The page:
Fiscal Discipline: Use Only in Case of Surplus
Some surprisingly straight campaign talk from The Associated Press:
Republican John McCain is making promises that would cost billions of taxpayer dollars, yet he is vague about how he would pay for them. […]
McCain has pledged to balance the federal budget, although he has backed off an earlier promise to do so in his first term and now says he would do it within eight years. […]
[He] proposed a new mortgage refinancing program for struggling homeowners that could cost the government $3 billion to $10 billion. He proposed to suspend federal gas taxes for the summer months at a cost of $8 billion to $10 billion.
And McCain has several proposals whose costs are unknown, such as his pledge to give all veterans a plastic card to get medical treatment anywhere they choose, a new student loan program and tax write-offs for companies that provide Internet service to rural areas.
How would he pay for it? New user fees could pay for the gas-tax holiday, McCain adviser Doug Holtz-Eakin said. […]
[F]or all the numbers he has provided, McCain has been reluctant to say exactly which programs he would cut.
Whole thing, with plenty more details, here. I might also add that trillion-dollar wars tend to be expensive, as do plans to boost the standing military by 150,000 troops, etc.
It is perhaps noteworthy to point out that this is almost precisely the opposite of John McCain's tax/budget philosophy of 2000, when he was a big (and convincing!) budget hawk and debt-payer-downer. Here he is in his 2002 memoir Worth the Fighting For, talking about his differences with George W. Bush on that score:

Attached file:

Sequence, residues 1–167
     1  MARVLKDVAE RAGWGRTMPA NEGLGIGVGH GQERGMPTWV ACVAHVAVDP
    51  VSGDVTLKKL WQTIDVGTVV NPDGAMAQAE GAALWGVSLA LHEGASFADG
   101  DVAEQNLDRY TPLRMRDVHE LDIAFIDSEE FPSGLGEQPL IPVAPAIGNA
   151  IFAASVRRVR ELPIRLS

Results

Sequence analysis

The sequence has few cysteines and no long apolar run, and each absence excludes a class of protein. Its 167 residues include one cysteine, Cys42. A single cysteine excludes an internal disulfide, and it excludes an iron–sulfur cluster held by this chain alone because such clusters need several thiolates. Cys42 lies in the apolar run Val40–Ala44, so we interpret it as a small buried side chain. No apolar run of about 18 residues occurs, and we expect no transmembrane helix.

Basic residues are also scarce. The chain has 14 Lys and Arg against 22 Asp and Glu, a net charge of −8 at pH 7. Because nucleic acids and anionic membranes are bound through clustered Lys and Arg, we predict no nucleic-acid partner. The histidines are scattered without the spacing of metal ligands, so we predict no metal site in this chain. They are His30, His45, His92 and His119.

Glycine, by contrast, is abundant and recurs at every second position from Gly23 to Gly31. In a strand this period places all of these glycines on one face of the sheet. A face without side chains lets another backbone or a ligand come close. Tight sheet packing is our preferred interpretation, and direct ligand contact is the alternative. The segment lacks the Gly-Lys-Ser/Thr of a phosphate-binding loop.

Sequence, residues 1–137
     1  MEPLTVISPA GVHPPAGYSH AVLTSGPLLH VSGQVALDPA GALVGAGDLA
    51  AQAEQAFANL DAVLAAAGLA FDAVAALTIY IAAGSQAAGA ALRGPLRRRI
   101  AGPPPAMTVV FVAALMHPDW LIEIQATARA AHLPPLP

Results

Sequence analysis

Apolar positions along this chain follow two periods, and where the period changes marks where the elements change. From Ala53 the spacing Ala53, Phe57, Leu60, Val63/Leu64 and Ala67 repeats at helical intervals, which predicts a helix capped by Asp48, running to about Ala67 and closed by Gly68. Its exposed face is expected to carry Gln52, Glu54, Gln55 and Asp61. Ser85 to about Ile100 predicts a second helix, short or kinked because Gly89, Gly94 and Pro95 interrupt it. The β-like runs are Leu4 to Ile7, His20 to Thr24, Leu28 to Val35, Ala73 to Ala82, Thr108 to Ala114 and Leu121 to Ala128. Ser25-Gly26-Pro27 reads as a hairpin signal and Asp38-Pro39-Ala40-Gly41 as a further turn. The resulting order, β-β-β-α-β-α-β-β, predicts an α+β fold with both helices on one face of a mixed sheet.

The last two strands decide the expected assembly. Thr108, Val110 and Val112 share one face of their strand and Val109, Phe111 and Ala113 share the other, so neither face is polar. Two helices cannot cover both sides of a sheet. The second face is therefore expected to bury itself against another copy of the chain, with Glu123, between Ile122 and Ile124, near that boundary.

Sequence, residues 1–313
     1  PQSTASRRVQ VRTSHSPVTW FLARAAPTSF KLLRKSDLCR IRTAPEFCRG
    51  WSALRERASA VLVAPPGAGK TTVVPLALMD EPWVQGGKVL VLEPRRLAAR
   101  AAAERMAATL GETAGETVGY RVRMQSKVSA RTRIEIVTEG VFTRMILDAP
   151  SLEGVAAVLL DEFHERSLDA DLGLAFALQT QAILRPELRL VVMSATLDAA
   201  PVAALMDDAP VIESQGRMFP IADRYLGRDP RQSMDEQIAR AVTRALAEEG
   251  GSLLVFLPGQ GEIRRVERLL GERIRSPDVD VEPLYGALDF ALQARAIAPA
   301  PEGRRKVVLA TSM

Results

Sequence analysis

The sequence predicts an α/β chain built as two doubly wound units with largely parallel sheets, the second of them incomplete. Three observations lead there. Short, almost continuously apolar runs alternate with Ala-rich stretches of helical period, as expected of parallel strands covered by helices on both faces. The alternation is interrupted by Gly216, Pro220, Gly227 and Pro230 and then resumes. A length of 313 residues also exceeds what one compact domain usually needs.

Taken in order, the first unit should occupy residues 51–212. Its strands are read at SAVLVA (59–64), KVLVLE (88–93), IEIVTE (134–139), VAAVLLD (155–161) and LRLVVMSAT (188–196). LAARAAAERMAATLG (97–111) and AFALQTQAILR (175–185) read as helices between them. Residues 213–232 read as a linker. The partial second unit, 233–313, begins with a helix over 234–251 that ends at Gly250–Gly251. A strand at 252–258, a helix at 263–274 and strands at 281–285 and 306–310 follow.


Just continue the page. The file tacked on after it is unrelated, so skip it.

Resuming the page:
He and I disagreed on tax policy. My position invited greater hostility from conservatives in the party and in the press than my support for campaign finance ever had. Republican primaries had long featured a bidding war to see which candidate could promise the biggest tax cut. I chose to offer the smallest, targeted to middle- and lower-income families, so that we could use most of the budget surplus to pay off the national debt, build our defenses, and begin to pay the transition costs of reforming Social Security and Medicare for the sake of future American generations.
Lest anyone think my positions were brave, if self-defeating, honesty obliges me to note that every poll my campaign conducted (and we took as many as we could afford) found greater support for paying down the debt than cutting taxes for upper-bracket incomes, among Republican voters as well as Democrats and independents. […] You will have to trust me that I held and expressed these views before I had survey research proving their popularity.
Readers of this website might also find of interest the selection immediately preceding the passage above:
I welcomed a greater, if still limited, role for government in national problems, anathema to the "leave us alone" libertarian philosophy that dominated Republican debates in the 1990s. So did George W. Bush, I must add, who challenged libertarian orthodoxy with his appeal for a "compassionate conservatism." He based much of his more activist government philosophy in an expanded role for the federal government in education policy and in his support for contributions that small, faith-based organizations could make to the solution of social problems. I gave more attention to national service and to a bigger role for government as a restraining force on selfish interests that undermined national unity. But his positions did him much credit, as well they should have, and they do him much credit now as he uses his presidency to advance them.